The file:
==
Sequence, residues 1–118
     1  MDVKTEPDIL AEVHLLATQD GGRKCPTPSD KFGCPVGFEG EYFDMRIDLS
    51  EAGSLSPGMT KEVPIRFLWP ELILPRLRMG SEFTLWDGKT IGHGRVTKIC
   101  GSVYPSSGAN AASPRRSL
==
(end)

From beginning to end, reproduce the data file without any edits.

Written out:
Sequence, residues 1–118
     1  MDVKTEPDIL AEVHLLATQD GGRKCPTPSD KFGCPVGFEG EYFDMRIDLS
    51  EAGSLSPGMT KEVPIRFLWP ELILPRLRMG SEFTLWDGKT IGHGRVTKIC
   101  GSVYPSSGAN AASPRRSL